Think Deep

It might seem strange, but one of my favorite Bible characters, and one to whom I think I could relate most naturally and readily, if I were ever to have a chance to meet him and have a conversation with him, and someone who I might even consider a personal “hero,” is Solomon. “Why Solomon?” someone might ask. And I’d be eager to try to answer that question.

To me, perhaps even more impressive even than his great and world-famous wisdom, was Solomon’s absolutely fearless willingness to pursue knowledge and wisdom wherever he thought it could be found, in any and every arena and area of life and the farthest reaches of the known universe. I call this quality and activity “Solomonic exploration”. I believe that Solomon’s natural and relentless curiosity was something that God had put within him, and which, therefore, in and of itself, was not wrong or harmful in any way. Every man has his limits and boundaries that, for whatever reason, he cannot or should not cross or violate, for the sake of the well-being of his soul and his walk with the Lord. Perhaps, it would be accurate to say that in Solomon’s case, these boundaries were much wider than for many or most men.

Solomon liked to “test” himself with various types of experiences and searches; he was perhaps the original “seeker,” an intrepid intronaut who wanted to “turn over every rock,” both within and outside himself, to see what lay underneath, out of plain sight. His reach always exceeded his grasp, and his ambitions were probably too large for one lifetime. For example, Solomon writes in Ecclesiastes 2:1: “I said in my heart, ‘Come now, I will test you with mirth; therefore enjoy pleasure’”. The end of this search was not sin leading to death, but simply and profoundly, “vanity” — emptiness, meaninglessness, disillusion, basically, a giant letdown. It was like following the rainbow to its end, and finding there not a pot of gold, but evaporating dew and mist.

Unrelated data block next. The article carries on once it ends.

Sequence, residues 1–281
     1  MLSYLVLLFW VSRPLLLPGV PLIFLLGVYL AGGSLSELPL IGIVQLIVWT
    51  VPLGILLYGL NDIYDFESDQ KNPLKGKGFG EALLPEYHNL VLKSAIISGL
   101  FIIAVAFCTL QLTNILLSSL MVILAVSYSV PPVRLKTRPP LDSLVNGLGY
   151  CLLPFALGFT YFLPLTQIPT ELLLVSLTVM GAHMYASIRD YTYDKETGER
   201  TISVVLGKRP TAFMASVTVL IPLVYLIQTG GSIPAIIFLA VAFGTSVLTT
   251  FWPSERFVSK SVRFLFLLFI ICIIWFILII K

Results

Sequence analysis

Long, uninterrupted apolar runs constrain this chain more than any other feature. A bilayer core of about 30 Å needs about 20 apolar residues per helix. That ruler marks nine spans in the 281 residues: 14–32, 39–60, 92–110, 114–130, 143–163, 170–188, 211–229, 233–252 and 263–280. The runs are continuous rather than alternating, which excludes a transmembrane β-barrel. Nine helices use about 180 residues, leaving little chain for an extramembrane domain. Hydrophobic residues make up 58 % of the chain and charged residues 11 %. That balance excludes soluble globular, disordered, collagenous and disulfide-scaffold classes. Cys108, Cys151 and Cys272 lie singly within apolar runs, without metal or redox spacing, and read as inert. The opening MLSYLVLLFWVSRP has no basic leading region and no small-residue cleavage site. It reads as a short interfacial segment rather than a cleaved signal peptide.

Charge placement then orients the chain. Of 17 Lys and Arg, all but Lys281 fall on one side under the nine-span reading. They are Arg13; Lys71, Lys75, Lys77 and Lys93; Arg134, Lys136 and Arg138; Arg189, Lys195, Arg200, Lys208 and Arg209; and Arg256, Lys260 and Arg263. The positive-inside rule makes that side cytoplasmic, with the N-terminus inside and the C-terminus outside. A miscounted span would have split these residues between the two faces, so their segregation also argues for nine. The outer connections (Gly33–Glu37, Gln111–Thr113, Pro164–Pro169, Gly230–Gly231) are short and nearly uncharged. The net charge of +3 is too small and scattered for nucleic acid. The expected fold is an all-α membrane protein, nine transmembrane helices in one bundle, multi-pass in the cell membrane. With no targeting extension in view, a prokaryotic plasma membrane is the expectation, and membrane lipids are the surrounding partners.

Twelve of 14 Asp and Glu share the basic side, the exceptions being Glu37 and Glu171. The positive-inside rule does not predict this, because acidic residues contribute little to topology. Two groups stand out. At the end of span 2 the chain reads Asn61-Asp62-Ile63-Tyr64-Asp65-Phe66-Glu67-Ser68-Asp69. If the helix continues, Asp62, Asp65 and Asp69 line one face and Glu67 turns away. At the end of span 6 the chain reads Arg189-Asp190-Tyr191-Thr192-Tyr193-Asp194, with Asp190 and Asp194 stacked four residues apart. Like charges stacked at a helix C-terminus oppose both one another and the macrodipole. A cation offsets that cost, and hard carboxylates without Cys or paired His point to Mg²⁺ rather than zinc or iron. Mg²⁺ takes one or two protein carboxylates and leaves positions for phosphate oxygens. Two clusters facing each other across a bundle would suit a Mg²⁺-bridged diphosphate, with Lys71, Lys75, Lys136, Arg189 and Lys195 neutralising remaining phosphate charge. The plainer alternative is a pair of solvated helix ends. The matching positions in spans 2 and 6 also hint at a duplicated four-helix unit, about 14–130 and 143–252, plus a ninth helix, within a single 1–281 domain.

Solomon’s explorations and pursuits led, on the one hand, to a grand and glorious accumulation of wisdom and understanding, but, on the other hand, to a stunning and sober realization that, in the end, nothing and no one satisfies except for God alone, and one’s eternal relationship and fellowship with Him. In Ecclesiastes 12:13-14, Solomon writes: “Let us hear the conclusion of the whole matter:

Fear God and keep His commandments,
For this is man’s all.
For God will bring every work into judgment,
Including every secret thing,
Whether good or evil.” (NKJV)
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